Mumbai: Indian companies appear to have weathered the impact of rising interest rates, courtesy of higher sales.
A Mint analysis of financial results of 1,152 companies that have declared their results through March shows that their combined interest cost has gone up by close to 12%, from Rs12,890 crore in 2005-06 to Rs14,427 crore in 2006-07.
But the rising interest burden has not eaten into their profits as net sales have gone up at a faster pace.
Despite close to the12% rise in their overall interest burden, the interest cost as a percentage of net sales for these firms has actually gone down, from 2.09% to 1.82%. This is on account of a higher growth in net sales. Net sales of these firms have gone up by close to 29%, from Rs6,17,085 crore in 2005-06 to Rs7,94,770 crore in 2006-07.
Interest cover at these firms, however, has gone up to some extent: from 21.51 % in 2005-06 to 25.47% last year. Interest cover refers to the number of times a firm’s interest payout is covered by its adjusted net profit (reported net profit minus extraordinary items). It determines a firms’ ability to service debt.
“At 25.47% interest cover, India Inc.’s profitability is over 25 times its interest cost. It can go up from here. At this point, there is nothing to be worried about,” said the chief financial officer of a capital goods company who did not want to be named.
Collectively, these firms that Mint looked at represent about one-third of listed Indian firms.
So far, about 1,600 firms have announced financial results for the full year ending March. However, only 1,152 firms have been taken into account for this study.
Commercial banks, mortgage firms and all non-banking firms have been kept out of the analysis. This is because banks and finance firms deal with public deposits and pay interest on them. In a rising interest rate scenario, their cost of deposits goes up but they cover the cost by raising their lending rates. This is not the case with firms in the manufacturing and services sectors.
Economists and analysts at brokerages say that the impact of rising interest rates will, however, be felt in the current financial year.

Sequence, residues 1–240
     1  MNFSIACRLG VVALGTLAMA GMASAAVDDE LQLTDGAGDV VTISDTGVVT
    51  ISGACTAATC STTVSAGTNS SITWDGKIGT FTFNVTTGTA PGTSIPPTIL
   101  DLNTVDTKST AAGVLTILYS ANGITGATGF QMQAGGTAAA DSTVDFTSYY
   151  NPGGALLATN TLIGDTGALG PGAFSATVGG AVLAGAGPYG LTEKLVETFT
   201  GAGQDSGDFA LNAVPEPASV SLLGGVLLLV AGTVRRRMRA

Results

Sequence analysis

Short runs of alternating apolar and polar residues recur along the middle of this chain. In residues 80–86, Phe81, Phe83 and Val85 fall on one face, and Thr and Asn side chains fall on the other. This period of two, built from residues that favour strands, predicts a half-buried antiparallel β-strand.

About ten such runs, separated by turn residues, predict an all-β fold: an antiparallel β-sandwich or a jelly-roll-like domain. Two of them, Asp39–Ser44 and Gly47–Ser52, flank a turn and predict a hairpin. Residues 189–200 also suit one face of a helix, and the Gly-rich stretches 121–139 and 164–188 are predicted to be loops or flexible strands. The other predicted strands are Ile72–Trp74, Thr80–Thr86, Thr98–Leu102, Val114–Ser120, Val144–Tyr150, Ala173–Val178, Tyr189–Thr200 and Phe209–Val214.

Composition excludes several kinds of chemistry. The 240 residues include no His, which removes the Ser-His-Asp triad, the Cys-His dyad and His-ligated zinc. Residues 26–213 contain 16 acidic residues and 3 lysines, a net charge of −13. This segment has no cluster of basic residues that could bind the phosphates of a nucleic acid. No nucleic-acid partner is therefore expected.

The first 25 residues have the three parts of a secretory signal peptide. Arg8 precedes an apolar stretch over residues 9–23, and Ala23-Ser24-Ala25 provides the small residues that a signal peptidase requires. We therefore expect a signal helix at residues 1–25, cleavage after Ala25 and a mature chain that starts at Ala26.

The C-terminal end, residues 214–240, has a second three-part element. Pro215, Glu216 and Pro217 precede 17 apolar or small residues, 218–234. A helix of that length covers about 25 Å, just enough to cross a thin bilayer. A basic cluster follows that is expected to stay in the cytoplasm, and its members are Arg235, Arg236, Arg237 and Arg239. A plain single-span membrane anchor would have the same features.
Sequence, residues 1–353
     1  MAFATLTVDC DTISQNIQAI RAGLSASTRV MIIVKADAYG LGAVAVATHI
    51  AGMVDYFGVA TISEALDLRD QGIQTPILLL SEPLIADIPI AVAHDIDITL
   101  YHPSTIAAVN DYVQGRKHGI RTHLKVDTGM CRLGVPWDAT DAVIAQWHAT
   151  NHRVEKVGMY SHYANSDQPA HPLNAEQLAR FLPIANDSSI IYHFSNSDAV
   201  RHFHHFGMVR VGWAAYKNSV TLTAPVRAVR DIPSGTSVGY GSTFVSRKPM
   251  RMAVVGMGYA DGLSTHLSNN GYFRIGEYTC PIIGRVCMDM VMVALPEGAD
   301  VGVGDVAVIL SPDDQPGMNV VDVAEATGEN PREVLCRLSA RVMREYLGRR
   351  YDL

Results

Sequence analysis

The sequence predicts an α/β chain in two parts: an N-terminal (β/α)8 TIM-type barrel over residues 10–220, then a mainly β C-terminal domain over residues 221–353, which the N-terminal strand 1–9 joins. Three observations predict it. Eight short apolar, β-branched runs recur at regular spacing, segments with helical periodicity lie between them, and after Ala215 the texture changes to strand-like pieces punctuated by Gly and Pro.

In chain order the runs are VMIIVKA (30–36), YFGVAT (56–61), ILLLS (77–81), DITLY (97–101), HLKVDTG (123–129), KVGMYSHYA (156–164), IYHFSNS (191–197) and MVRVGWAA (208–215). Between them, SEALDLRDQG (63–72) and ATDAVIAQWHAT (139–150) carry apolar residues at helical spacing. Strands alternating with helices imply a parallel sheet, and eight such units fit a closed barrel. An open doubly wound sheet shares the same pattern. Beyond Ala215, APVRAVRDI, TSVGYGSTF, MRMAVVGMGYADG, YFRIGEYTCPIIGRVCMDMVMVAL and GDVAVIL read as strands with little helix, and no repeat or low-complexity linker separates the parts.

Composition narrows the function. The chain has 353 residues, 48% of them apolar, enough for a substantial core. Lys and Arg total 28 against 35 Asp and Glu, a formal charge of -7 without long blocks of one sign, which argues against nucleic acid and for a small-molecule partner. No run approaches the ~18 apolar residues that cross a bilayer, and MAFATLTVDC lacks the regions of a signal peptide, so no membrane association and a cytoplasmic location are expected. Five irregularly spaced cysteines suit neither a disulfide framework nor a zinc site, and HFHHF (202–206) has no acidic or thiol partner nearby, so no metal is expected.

“One does not see an immediate impact of a higher interest rates on corporations’ bottom line. There is always a lag effect. We will see the impact this year,” said the chief economist of a large Mumbai-based conglomerate on condition of anonymity.
He, however, added that corporations by and large have become more efficient and have drastically cut their working capital requirements through better management of inventory.
“So, we will not see the interest burden eating into corporate profits unless there is a substantial hike in rates from this level,” he said.
Amitabh Chakraborty, president, equities, Religare Securities, a local brokerage, said: “It’s too premature to analyse the impact of interest rate hikes on balance sheets of companies.” Chakraborty also said that interest rates had peaked and were unlikely to have any significant dampening effect on capex plans of the companies.
“Most of the firms have restructured their balance sheets by raising money from all sources. They are not dependent on bank borrowings alone and this makes them less susceptible to rising interest costs,” he pointed out.
Over the past year, the central bank has raised its policy rate by 1.25 percentage points in five stages.
It also tightened money supply by raising banks’ cash reserves kept with itself in the January-March quarter of the last financial year.
As a result, interest costs for these companies have risen sharply in the last quarter, by over 12.43% over the October-December quarter.
In absolute term, the quarterly interest burden of these 1,152 firms rose from around Rs3,550 crore to close to Rs4,000 crore in the last quarter.
However, despite this, interest cost as a percentage of net sales and net profit virtually remained in the same band through out the year.
Rancha Monga contributed to this story.